Every year, the festival begins on the hundredth day after Easter and lasts for two weeks. It is a nontouristic event bound up with Tusheti's ancient animist religion. It involves ram sacrifices at the ancient shrines known as Khatebi, the drinking of sacred rye beer, separate-sex feasting and more different activities.
The origin of the festival name
There are two theories of what and why people celebrate this festival. It is possible that it is derived from the meaning of the eternity of the community - from the two Greek words - Anatos - immortal and Geno-a community, which is evidenced by the importance and ritual of the shrine. At the same time, it was believed that the feast was associated with the deity Athar-Antar or Anator. Scientist Iv. Javakhishvili considered Anator to be the epitome of the Greek deity Apaturia, whose famous chapel was located on the north-eastern shore of the Black Sea.
The second and most common theory associated with the Bishop of Irakliopolis, the Greek priest Athogen. The church commemorates him on July 16/29. Saint Athogen in the 4th century, around 311 AD during the persecution of Christians, he and his ten disciples were tortured in the city of Sebastia. The pathogen was well known for his miracles and ability to cast out devils. One day he was captured and taken to the city of Sebastia.St. Athogen was burned at the stake for his devotion to the Christian faith, but people celebrate this festival not for St.Athogen name, but for an icon of this name.
Vardoba and Spartangelozoba
In different Georgian historical sources, festival Atengenoba was mentioned in two different names- Vardoba and Spartangelozoba.
According to the Khevsur ethnographic material, Athena in the Cross-language was meant Rose Day. "Vardi:- means Rose in the Georgian language. In the pre-Christian tradition, the red rose was considered as a symbol of the martyrs, burned at the stake for Christ. After the adoption of Christianity in Georgia, some old names changed, and this could be the reason why the name Vardoba replaced Atnegenoba in order to be closer to the religious holiday.
Spartangelozoba's name has a special legend that says a story about a girl from the Georgian Mountain region who was stolen and taken to Persia, where she gave birth to a child. One evening an angel appeared to her and said: "Get up and come with me." Angel stopped in the village Sno and women stayed and prayed there. Spart- means Persian and Angelozi means Angel in the Georgian language.
In conclusion, we could say that this name change includes different historical moments and changes in people's lives, but today Tush people celebrate Atengenoba and it is one of the most authentic festivals.
At each summer village festival (Atnegenoba) there is a host. The “Shulta”, an exceptionally important person who is elected by the village for a year. In short, the Shulta is the fixer, party maker and catalyst to make it happen.At an indeterminate time before the great day, a posse of men will take to the beer hut, a small house in the village built to brew beer and prepare food. If the Shulta is a man he will take control and manage the proceedings. If it’s a woman, well that can’t happen since the beer hut is a men-only affair. On festival days men and women eat separately. Any visitor who enters the village during the festival will be invited to eat.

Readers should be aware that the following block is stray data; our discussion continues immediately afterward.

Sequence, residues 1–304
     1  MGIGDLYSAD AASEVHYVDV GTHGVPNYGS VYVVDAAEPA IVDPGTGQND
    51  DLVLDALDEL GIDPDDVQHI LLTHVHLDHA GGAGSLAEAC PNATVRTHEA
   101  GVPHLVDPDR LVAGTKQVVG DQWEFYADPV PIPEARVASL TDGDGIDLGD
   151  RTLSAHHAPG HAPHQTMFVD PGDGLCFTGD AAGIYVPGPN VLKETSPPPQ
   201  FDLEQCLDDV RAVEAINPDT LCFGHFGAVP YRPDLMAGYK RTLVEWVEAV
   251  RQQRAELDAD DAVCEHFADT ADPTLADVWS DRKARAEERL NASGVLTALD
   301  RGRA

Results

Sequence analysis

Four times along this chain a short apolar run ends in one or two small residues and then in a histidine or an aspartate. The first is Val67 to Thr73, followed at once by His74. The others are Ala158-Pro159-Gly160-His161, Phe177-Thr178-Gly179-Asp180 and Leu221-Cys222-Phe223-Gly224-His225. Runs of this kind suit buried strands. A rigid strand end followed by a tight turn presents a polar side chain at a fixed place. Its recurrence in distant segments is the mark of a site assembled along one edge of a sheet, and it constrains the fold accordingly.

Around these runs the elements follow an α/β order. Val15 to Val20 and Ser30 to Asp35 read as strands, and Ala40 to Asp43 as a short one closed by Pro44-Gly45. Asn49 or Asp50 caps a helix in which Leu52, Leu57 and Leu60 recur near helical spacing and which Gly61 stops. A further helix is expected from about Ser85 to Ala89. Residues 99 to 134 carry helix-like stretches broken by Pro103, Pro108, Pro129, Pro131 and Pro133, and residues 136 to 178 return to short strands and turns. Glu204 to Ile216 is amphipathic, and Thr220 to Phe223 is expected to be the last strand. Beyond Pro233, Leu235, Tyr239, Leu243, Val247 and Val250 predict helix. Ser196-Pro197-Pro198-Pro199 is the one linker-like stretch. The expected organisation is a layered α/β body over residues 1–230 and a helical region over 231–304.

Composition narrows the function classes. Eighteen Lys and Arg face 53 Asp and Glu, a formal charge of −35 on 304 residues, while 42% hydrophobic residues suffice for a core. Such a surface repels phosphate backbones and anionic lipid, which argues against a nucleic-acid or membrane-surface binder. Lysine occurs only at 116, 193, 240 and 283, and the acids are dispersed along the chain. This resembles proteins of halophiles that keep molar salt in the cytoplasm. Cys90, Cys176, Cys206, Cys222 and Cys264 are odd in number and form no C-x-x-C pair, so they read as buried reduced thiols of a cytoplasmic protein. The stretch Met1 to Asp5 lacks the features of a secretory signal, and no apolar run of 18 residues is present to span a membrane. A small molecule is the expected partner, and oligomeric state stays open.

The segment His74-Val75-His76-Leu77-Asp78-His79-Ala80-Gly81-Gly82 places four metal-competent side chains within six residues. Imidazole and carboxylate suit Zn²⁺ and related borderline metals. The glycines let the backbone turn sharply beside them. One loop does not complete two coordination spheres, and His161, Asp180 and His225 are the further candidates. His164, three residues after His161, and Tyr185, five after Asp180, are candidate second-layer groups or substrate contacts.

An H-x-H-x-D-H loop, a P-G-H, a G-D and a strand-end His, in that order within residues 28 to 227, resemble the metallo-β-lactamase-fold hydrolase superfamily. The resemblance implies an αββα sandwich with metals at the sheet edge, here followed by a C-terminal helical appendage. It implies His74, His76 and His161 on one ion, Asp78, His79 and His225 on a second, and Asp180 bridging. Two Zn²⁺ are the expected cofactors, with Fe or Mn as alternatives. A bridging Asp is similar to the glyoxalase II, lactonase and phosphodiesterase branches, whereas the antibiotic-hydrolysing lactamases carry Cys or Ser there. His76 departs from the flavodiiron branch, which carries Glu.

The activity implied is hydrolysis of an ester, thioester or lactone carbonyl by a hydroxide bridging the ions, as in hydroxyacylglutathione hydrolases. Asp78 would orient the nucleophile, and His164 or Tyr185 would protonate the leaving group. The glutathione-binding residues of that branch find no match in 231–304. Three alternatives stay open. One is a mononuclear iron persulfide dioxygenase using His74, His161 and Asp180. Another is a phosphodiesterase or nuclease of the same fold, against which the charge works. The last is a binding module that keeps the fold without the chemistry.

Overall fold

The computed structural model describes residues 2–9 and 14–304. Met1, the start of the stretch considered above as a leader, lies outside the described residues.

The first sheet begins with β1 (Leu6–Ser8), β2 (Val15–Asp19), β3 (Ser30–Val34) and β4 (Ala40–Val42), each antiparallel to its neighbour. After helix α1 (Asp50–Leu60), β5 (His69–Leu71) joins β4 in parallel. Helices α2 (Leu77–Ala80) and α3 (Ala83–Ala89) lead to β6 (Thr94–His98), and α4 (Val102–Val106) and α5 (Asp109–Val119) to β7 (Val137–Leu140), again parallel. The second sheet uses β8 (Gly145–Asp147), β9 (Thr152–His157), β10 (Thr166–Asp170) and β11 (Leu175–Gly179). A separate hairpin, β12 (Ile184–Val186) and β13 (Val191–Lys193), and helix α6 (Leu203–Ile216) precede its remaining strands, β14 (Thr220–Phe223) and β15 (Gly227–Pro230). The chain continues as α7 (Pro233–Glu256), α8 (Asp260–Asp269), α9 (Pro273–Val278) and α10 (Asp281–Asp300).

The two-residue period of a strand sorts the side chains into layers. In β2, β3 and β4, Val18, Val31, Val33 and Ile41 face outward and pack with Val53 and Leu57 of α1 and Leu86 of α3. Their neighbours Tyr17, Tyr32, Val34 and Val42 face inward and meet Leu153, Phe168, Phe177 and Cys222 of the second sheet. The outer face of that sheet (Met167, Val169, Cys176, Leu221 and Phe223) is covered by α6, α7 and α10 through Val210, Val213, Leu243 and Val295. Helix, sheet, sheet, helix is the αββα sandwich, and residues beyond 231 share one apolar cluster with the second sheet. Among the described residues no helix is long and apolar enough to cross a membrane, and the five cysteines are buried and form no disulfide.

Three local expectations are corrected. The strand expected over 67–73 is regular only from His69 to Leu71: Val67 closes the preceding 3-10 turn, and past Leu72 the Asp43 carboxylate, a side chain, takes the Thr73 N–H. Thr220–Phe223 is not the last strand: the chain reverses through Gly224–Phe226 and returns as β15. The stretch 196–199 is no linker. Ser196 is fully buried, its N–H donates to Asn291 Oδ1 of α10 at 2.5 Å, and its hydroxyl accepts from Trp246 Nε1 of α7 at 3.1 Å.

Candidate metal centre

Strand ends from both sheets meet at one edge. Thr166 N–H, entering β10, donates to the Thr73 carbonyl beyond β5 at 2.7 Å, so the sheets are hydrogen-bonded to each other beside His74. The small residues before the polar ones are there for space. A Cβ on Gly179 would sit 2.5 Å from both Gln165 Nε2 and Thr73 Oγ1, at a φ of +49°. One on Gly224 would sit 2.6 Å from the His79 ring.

A person called a “Khelosani” is responsible for ensuring that all the ceremonies are carried out properly. He makes an offering of sacred beer to the deity/saint of the khati shrine and brings out a sacred banner/flag, blesses it with a cry of ‘aludi’, and rings bells to announce the beginning of the festival. In some villages, the banner is taken to the khati shrine where it spends the night. If the person carrying the banner reaches the shrine without stopping, his village will have good luck for the following year. The banner is taken back to the village the next morning and the festival begins.
At the end of the fest, the ritual horse races are held. Smartly ride the horsemen in the mountains of Tusheti. This is an unbelievable breathtaking sight! The fest represents a great festival of the folk arts. Local and foreign children take part in such a festival with special pleasure. The smallest armed with the brushes and paints create vanguard works of art on the stone flats. Tush women are skilled in knitting and felt cloak making. The most popular among the folk art lovers are Tusheti carpets, brightly colored and decorated in unique local geometrical ornament and natural colors, bright socks, knitted shoes “chitebi”, woolen cloaks and “kechebi”.
The Tushetian road
The road of Tusheti is regarded as one of the most dangerous roads in the world and has been listed on the BBC agenda. The Pshaveli-Abano-Omalo road, which is 72 kilometers long and takes 4 hours to cross, is one of the most difficult sections of transport in Georgia, in many places two cars cannot pass together. Active landslide processes have been developed since 2017. The rock mass descends every year, flooding the river and completely covering the road. On the way from the mountain periodically boulders and stones fall. Tusheti road is open from June to mid-October, a maximum of 5 months. For the rest of the year, the road is closed due to heavy snow and avalanche danger. Traffic accidents happen every year on the road to Tusheti, and most of them end in casualties. Most of the accidents on the roads of Tusheti take place during the Atengenoba festival. The causes of accidents are mainly drunk driving, violation of the rules for maneuvering, and speeding.
If you decide to visit this unbelievable place be careful and safe!